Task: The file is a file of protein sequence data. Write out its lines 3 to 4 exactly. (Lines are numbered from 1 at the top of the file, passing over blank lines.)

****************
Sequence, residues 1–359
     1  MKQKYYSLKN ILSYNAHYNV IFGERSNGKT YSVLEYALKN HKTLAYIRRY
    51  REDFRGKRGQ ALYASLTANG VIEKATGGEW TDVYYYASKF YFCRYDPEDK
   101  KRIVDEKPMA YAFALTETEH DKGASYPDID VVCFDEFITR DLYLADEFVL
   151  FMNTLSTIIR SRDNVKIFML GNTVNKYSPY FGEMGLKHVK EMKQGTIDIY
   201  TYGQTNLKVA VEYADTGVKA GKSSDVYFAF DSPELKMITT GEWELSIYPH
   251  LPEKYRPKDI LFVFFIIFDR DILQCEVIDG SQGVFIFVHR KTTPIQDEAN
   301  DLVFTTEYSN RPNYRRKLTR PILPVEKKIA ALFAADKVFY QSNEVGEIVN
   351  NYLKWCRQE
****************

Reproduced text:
    51  REDFRGKRGQ ALYASLTANG VIEKATGGEW TDVYYYASKF YFCRYDPEDK
   101  KRIVDEKPMA YAFALTETEH DKGASYPDID VVCFDEFITR DLYLADEFVL